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Lee v. Enterprise Leasing Company-West

United States District Court, D. Nevada

September 22, 2014

LYDIA LEE and CAROLYN BISSONETTE, individually and on behalf of all others similarly situated, Plaintiffs,


LARRY R. HICKS, District Judge.

Before the Court is Plaintiffs Lydia Lee and Carolyn Bissonette's ("Plaintiffs") Motion for Approval of Proposed Notice, Plan for Distribution of Notice, and Setting Hearing Date for Application for Attorneys' Fees and Costs. Doc. #104.[1] Defendants Enterprise Leasing Company-West and Vanguard Car Rental USA, LLC ("Defendants") filed a Response (Doc. #107), to which Plaintiffs replied (Doc. #109).

I. Facts and Procedural History

This is a class action filed on behalf of persons who rented cars at Nevada airports from Defendants. In return for the right to operate on-site at these Nevada airports, rental car companies like Defendants are required to pay a percentage of their gross revenues to the airports as "concession fees." The companies pass along the fees to their customers as surcharges labeled "airport concession recovery fees." At all relevant times, Defendants "unbundled" the surcharges from the base rental rate, such that the rental rate quoted to customers did not include the additional "airport concession recovery fee, " which was itemized separately in the rental agreement.

On June 24, 2014, the Court granted summary judgment in favor of Plaintiffs, finding that Defendants' practice of unbundling the surcharges from the base rental rate violated Nevada Revised Statute ("NRS") § 482.31575. Doc. #102. The Court further determined that Plaintiffs were entitled to restitution of any airport concession recovery fees that they paid to Defendants during the class period. Id. at 22-30. Finally, the Court granted class certification pursuant to Federal Rule of Civil Procedure 23. Doc. #103. Plaintiffs now move the Court to approve notice to the class.

II. Legal Standard

Under Federal Rule of Civil Procedure 23(c)(2)(B), "the court must direct to class members the best notice that is practicable under the circumstances." This notice must clearly and concisely state the following:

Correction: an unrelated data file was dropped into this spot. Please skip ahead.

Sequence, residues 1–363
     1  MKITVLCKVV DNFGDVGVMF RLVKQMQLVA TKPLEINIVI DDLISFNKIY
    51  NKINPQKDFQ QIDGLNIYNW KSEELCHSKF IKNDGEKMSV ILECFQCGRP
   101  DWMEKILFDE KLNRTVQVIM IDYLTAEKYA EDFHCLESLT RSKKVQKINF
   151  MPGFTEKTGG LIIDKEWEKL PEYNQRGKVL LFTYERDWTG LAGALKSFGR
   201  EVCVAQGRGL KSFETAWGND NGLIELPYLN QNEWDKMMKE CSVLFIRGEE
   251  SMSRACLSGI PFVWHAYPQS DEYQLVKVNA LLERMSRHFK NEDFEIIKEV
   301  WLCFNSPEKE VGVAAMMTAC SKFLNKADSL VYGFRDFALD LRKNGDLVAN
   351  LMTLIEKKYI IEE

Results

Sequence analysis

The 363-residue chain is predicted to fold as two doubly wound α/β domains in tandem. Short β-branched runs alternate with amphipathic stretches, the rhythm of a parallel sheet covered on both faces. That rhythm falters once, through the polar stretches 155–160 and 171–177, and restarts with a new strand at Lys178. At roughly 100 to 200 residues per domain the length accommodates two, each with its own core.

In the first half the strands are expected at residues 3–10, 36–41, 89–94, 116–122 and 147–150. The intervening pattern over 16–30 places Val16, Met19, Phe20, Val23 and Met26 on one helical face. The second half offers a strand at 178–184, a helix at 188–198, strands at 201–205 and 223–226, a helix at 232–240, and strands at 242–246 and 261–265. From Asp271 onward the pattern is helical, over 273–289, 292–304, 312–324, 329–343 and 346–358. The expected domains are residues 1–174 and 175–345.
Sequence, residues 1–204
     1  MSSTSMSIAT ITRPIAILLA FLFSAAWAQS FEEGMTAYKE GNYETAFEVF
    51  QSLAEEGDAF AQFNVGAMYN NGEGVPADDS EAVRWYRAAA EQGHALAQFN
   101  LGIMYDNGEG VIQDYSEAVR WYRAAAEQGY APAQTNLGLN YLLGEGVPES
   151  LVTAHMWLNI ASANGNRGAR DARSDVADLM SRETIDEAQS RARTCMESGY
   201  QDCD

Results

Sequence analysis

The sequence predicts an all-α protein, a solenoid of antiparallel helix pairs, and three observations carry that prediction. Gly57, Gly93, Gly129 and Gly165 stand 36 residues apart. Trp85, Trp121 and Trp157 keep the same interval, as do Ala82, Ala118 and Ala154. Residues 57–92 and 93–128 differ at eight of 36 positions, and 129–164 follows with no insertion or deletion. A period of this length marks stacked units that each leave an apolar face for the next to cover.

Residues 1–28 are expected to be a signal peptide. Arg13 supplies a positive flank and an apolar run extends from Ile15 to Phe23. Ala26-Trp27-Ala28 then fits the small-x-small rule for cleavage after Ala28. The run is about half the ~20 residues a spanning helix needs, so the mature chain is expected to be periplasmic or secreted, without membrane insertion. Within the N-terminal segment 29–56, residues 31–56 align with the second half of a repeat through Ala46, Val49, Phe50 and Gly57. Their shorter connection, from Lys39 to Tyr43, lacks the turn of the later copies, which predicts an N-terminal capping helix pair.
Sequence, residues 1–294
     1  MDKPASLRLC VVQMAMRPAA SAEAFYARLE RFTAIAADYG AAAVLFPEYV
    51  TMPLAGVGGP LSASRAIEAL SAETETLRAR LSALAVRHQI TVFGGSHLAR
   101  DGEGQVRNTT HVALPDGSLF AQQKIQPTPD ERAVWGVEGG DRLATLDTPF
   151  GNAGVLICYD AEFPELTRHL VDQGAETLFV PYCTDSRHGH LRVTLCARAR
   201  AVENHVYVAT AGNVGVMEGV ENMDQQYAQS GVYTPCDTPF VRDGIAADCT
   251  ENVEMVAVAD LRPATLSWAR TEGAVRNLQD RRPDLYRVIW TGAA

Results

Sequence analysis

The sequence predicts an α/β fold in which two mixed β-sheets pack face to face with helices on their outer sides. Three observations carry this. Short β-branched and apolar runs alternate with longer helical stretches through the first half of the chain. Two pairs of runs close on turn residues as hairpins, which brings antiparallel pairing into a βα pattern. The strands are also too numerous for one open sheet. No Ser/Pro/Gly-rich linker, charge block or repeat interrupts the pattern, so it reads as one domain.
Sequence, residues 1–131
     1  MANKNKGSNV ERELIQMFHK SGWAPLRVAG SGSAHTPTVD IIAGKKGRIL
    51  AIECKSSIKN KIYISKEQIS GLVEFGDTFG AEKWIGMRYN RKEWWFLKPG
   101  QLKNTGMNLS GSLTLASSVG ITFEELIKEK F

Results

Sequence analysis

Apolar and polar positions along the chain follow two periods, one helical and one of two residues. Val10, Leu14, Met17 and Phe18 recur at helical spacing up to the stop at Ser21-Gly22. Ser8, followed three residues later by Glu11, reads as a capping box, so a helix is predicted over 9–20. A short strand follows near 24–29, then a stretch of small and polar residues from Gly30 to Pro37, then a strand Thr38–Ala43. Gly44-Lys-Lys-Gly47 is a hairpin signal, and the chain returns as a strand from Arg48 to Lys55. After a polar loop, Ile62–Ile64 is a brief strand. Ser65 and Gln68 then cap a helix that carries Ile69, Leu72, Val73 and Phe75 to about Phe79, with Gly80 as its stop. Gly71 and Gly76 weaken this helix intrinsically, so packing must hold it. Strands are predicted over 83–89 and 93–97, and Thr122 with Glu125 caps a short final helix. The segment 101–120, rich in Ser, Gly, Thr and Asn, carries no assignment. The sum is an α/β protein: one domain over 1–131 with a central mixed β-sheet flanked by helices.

(i) the nature of the action; (ii) the definition of the class certified; (iii) the class claims, issues, or defenses; (iv) that a class member may enter an appearance through an attorney if the member so desires; (v) that the court will exclude from the class any member who requests exclusion; (vi) the time and manner for requesting exclusion; and (vii) the binding effect of a class judgment on members under Rule 23(c)(3).

In addition, class members must be notified of motions for attorney's fees and nontaxable costs. Fed.R.Civ.P. 23(h)(1).

III. Discussion

Plaintiffs propose a notice to class members nearly identical to that approved by the Court in Sobel v. Hertz, 3:06-cv-00545-LRH-RAM (D. Nev.) (" Sobel "). See Sobel, Doc. #362, Doc. #403. Plaintiffs also seek to provide notice to the class members in the same manner as that approved by the Court in Sobel. See id. First, Plaintiffs request that notice be sent by e-mail to class members, when known, and by first class mail to all class members whose names and addresses appear in Defendants' records. Second, Plaintiffs request that the Court require Defendants to pay the cost of notice, without requiring Plaintiffs to post a bond. Defendants challenge Plaintiffs' proposals in both regards. Defendants also urge that Plaintiffs' proposed notice must be modified to comply with Federal Rule of Civil Procedure 23.

A. The Form of Notice

In class actions certified under Rule 23(b)(3), "the court shall direct to the members of the class the best notice practicable under the circumstances, including individual notice to all members who can be identified through reasonable effort." Under this "best notice practicable" standard, courts retain considerable discretion to tailor notice to the relevant circumstances: "The determination of what efforts to identify and notify are reasonable under the circumstances of the case rests in the discretion of the judge before whom the class action is pending." 3 William B. Rubenstein, Alba Conte, and Herbert B. Newberg, Newberg on Class Actions § 8:2 (4th ed. 2007) (citation omitted). "When the names and addresses of most class members are known, notice by mail is usually preferred." See id.; see also Manual for Complex Litig. § 21.311 (4th ed. 2004).

Here, as in Sobel, the Court finds that notice by first class mail in combination with email notice is the "best notice practicable under the circumstances." In Sobel, the Court found that both email and first-class mail notice for all class members was appropriate due to the defects in each approved method of notice individually (i.e., the sophistication of email filters and the low likelihood that people open unrecognized mail, In re Lupron Mktg. & Sales Practices Litig., 228 F.R.D. 75, 85 n.21 (D. Mass. 2005) (citing a study showing that 75% of direct mail is thrown away by the recipient or the recipient's "gatekeeper" ...

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